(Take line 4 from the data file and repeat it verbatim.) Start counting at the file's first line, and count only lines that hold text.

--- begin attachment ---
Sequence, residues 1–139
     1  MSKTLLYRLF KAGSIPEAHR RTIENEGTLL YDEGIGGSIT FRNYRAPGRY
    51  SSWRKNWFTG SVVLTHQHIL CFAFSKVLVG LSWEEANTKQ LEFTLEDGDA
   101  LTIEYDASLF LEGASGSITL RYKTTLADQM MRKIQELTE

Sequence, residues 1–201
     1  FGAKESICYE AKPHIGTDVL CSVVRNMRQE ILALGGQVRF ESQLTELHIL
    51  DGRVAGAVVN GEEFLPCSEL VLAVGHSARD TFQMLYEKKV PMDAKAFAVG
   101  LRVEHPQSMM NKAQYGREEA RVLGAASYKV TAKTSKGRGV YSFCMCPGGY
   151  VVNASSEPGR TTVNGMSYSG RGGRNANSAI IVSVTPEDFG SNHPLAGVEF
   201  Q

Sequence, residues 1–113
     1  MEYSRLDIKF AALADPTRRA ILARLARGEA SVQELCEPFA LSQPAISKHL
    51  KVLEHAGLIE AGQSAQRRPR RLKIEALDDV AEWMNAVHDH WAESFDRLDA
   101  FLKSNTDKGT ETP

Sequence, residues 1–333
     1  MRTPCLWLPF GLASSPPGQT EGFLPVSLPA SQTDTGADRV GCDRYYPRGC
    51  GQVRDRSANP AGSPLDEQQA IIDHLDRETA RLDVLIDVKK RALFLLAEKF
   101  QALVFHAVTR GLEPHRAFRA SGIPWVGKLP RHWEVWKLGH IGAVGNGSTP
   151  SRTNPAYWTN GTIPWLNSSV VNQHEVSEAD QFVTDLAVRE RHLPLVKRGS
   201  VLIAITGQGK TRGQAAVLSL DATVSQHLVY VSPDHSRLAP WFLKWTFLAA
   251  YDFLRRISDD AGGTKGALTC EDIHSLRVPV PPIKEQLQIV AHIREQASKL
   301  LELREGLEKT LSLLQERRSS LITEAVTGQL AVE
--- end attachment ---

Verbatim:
   101  LTIEYDASLF LEGASGSITL RYKTTLADQM MRKIQELTE